I've got a little invested in all sides of this struggle. I'm a proponent of digital distribution (some will read this as “Steam Fanboy”,) and I trade in and purchase major studio console releases, having a GameStop Rewards membership. I understand and sympathize with all sides of this fight and how the competing business models interact is a subject that fascinates me. That said, I strongly object to GameStop's practices in this instance, as it smacks of dishonesty to loyal customers and seems underhanded as far as competitive practices go. The reasoning behind the decision also likely stems from the fact that in order to survive, GameStop has plans to enter the digital distribution market themselves. The question of whether or not a company should have to sell a product that represents competition for itself is a good one, and worth asking. Whether or not a company has the right to remove an included part of a retail package and still sell it as “new” isn't bad either, as I strongly doubt Deus Ex customers were told in advance of their purchase what they are missing.

This is also interesting because OnLive isn't just a Steam clone. If all it did was the same thing Steam, Desura, GoG and EA's Origin do, it doesn't change the context of the argument, but it might mean something a little different to gamers. OnLive is, at its heart, a service that is to console and PC games what Netflix streaming is to movies and television programs. Through PC or Mac, or a set-top box connected to a television and broadband internet connection, OnLive is a digital rental service where the software is located on the cloud of servers. Users can pay a monthly fee to access games in the cloud without needing to install them on local storage at all. For new releases (and other games not in the “play pack,” the option to rent a single title for three or five days or purchase access to unlimited play of that one game are available as well. The technical aspects of how exactly that all works is beyond the scope of this article, but it isn't hard to see how such a business model puts OnLive in opposition to GameStop.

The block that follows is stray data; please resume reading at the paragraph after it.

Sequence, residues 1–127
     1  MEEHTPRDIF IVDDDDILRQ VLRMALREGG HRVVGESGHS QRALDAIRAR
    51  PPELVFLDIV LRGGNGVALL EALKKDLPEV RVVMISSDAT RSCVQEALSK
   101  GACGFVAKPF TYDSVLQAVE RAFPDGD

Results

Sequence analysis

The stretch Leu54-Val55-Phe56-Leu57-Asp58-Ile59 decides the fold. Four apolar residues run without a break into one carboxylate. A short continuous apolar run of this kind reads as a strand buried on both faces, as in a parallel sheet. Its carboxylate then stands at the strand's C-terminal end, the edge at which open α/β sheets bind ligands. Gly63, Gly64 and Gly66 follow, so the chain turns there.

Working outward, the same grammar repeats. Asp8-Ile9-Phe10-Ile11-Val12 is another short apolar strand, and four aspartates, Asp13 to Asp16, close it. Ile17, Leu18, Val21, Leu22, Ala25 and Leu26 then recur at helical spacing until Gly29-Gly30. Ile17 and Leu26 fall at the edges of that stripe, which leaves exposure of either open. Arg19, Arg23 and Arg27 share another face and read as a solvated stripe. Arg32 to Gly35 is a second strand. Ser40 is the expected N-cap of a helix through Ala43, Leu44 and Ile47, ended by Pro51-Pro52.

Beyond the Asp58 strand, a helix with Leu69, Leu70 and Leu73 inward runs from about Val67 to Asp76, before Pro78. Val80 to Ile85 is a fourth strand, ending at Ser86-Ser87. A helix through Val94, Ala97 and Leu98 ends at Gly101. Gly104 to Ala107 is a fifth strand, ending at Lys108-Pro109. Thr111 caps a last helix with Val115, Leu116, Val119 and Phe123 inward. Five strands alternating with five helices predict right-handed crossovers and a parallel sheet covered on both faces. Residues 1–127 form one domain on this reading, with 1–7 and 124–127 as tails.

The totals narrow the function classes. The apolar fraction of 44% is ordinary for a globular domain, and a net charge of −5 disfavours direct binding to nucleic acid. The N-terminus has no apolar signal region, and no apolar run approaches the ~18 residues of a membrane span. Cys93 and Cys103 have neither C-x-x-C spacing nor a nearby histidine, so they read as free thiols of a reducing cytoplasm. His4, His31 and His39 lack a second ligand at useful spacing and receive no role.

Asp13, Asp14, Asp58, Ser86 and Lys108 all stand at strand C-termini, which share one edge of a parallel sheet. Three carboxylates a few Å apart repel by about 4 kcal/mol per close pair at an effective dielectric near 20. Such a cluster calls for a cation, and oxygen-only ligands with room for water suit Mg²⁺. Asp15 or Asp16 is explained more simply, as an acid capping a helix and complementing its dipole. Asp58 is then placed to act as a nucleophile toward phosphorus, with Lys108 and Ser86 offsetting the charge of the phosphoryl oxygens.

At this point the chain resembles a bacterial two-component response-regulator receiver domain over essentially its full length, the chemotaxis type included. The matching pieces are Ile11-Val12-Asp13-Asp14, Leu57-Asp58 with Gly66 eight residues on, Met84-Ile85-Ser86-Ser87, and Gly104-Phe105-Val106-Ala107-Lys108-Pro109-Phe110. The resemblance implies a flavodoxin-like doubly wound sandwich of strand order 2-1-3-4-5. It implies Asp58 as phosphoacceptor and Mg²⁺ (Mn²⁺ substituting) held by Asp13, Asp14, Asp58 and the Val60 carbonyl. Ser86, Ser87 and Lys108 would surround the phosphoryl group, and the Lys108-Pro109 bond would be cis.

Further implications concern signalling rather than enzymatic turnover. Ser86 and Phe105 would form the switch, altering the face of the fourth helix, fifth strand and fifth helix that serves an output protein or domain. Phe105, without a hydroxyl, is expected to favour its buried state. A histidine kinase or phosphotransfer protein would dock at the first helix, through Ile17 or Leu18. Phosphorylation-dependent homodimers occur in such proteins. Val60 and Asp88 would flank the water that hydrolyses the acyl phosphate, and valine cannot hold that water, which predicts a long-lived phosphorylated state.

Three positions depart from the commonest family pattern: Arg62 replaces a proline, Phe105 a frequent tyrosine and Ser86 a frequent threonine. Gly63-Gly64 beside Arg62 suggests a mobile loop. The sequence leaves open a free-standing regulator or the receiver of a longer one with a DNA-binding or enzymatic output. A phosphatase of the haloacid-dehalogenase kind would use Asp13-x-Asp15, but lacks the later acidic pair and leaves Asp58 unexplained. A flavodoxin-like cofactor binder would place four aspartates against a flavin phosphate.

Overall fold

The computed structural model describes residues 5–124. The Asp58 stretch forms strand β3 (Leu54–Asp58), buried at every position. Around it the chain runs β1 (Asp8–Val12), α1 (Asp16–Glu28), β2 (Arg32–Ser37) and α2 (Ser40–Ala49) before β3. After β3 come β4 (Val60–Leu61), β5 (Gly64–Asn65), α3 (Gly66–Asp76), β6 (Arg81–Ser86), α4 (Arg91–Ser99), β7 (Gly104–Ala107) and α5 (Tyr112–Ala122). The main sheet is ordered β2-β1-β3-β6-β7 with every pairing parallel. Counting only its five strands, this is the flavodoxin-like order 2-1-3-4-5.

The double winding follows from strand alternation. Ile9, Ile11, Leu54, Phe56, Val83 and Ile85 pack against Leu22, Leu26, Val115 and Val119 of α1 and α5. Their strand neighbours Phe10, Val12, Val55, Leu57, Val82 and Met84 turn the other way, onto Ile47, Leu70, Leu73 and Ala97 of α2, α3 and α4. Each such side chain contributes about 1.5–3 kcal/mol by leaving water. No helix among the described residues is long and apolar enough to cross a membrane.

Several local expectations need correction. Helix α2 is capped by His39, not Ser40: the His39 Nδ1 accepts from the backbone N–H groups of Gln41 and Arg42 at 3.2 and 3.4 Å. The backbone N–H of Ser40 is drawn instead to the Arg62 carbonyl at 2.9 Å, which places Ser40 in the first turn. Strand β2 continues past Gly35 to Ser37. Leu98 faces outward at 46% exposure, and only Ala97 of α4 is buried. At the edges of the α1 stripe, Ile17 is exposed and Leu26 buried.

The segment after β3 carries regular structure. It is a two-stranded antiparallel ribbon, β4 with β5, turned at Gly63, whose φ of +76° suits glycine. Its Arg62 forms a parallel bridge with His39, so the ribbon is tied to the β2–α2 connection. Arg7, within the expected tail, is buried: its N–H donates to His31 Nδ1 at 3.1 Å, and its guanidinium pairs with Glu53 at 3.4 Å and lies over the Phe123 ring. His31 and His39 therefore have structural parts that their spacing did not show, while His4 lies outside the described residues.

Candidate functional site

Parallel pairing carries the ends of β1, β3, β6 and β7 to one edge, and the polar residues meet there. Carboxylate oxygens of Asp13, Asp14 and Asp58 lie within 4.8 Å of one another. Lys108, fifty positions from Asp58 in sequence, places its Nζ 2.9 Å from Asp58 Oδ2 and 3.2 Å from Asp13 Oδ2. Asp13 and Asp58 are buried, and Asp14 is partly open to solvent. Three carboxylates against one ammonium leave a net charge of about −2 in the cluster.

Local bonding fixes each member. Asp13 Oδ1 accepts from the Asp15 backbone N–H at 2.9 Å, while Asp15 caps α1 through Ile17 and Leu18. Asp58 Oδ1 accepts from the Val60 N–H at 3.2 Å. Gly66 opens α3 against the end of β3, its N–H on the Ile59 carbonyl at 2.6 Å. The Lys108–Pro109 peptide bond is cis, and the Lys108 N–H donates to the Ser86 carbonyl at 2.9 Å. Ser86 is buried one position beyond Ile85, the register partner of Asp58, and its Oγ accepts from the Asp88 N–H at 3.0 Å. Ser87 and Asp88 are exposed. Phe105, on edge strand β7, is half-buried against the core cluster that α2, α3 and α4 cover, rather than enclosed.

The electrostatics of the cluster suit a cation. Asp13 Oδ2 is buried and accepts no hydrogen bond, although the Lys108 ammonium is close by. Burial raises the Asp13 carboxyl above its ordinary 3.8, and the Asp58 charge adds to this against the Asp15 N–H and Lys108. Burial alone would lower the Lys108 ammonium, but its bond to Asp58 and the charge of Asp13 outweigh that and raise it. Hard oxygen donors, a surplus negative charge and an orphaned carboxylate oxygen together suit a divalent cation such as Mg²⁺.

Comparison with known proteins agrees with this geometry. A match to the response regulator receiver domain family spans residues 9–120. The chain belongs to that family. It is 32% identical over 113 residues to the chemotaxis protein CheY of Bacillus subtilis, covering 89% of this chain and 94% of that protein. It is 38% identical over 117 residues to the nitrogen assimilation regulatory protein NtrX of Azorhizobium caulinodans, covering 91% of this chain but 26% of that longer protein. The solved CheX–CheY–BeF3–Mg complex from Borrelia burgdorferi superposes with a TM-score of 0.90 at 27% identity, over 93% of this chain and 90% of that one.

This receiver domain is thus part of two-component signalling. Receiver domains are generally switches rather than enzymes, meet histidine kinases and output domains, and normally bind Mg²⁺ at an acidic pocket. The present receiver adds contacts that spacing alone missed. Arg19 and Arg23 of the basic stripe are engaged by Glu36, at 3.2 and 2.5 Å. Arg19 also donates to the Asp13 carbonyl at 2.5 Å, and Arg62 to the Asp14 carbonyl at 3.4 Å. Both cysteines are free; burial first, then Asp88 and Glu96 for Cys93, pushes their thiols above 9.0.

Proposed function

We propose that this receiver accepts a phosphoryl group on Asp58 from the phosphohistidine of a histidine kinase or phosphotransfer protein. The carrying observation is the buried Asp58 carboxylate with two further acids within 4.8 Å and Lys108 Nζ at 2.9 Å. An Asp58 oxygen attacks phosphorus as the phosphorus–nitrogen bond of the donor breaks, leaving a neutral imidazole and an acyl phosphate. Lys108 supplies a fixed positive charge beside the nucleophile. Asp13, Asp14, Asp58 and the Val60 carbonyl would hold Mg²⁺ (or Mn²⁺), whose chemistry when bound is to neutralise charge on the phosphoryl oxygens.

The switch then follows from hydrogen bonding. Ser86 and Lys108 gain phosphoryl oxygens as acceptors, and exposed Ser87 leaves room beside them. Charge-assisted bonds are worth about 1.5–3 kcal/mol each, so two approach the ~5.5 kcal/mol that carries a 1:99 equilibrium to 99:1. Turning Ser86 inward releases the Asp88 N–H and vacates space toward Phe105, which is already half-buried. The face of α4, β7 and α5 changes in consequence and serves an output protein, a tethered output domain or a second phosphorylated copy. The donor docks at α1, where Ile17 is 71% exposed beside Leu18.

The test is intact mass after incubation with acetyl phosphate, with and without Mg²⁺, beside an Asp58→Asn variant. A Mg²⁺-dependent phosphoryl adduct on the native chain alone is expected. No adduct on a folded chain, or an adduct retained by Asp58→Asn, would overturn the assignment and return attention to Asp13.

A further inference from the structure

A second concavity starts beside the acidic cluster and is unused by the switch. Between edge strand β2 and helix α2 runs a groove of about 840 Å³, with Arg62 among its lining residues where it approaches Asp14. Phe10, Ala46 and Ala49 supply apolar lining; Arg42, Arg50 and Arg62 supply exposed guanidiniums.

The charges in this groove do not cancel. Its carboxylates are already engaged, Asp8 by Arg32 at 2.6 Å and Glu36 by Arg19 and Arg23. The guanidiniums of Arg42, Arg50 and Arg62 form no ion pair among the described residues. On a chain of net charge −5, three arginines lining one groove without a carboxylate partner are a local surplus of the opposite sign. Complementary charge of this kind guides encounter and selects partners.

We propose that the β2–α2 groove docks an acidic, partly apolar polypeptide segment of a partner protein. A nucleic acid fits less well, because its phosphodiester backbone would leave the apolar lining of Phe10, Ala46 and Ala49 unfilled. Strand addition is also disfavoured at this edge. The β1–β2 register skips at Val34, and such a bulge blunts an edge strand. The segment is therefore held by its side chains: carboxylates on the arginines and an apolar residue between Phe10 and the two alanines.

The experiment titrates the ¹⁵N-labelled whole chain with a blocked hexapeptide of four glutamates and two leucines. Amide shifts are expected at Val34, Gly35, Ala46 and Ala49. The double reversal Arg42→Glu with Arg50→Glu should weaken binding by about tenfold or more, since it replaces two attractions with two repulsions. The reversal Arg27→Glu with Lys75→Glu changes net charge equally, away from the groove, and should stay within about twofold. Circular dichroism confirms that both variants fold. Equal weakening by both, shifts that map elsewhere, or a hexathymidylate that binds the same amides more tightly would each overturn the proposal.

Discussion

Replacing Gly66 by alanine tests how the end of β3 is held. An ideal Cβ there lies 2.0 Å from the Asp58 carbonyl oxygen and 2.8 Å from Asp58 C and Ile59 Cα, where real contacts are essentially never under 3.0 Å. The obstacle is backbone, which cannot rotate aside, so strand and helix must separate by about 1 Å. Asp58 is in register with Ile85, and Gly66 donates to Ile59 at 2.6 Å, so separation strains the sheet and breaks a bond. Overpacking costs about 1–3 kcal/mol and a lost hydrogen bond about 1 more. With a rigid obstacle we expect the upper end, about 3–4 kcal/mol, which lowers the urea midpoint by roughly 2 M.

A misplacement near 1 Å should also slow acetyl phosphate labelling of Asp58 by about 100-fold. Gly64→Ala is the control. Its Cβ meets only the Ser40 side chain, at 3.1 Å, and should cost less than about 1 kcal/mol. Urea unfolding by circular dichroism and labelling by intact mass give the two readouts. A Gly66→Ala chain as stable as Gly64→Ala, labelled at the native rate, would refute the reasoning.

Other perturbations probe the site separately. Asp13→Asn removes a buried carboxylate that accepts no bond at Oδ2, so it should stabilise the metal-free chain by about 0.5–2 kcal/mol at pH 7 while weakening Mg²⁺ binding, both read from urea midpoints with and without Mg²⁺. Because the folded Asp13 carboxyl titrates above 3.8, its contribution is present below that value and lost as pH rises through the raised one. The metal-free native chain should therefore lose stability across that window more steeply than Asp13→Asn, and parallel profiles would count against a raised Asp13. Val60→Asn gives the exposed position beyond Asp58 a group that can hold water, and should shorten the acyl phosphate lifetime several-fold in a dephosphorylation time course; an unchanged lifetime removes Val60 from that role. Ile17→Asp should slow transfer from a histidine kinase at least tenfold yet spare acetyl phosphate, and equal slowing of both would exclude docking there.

Onlive's TV set-top setup. The service is still pretty new, and a lot of games aren't on it yet.
How it comes away from this fight may directly affect that though.

In the war in the world of Deus Ex, shadowy corporations put pressure on people to enhance themselves with cybernetics and take the drugs to make sure the implants remain stable in the body. Information is controlled, governments influenced and people killed on a massive scale to keep the profits of the corporations secure. People fight back, taking to the streets, violently at times against the manipulation of their bodies and minds by big corporations. The fight surrounding the release of the game isn't nearly as dramatic, the consequences and stakes aren't severe on anywhere near the same level, and there isn't a clear “little guy” here. We've got companies both offering things video gamers want in different ways, and their strategies are incompatible. Pressure on governments and control of the flow of information, however... well, some tactics are applicable regardless of the stakes.
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Timothy said...

"In the real world, a GameStop memo was leaked indicating that all copies of the PC version of the game were to be opened before sale and a coupon for free online play on the new OnLive digital distribution/cloud gaming service."

I think there is something missing from the above sentence (from the first paragraph).

Things like this make me somewhat glad that I have been able to restrain myself from becoming a computer/video gamer.

Timothy said...

And you beat Yahoo! to the story by something like 10 minutes. So score on that one, Josh.

DocStout said...

Nice catch on the editorial fumble, Tim. I just wish I hadn't had several hundred views of the article before I could correct it. I apparently can write quickly, or properly, not both. The first time I leave the house for more than an hour this week, and I've botched an edit. Ah, well. Better late than never.

Alpha said...

I don't believe GameStop will be getting very much of my future business.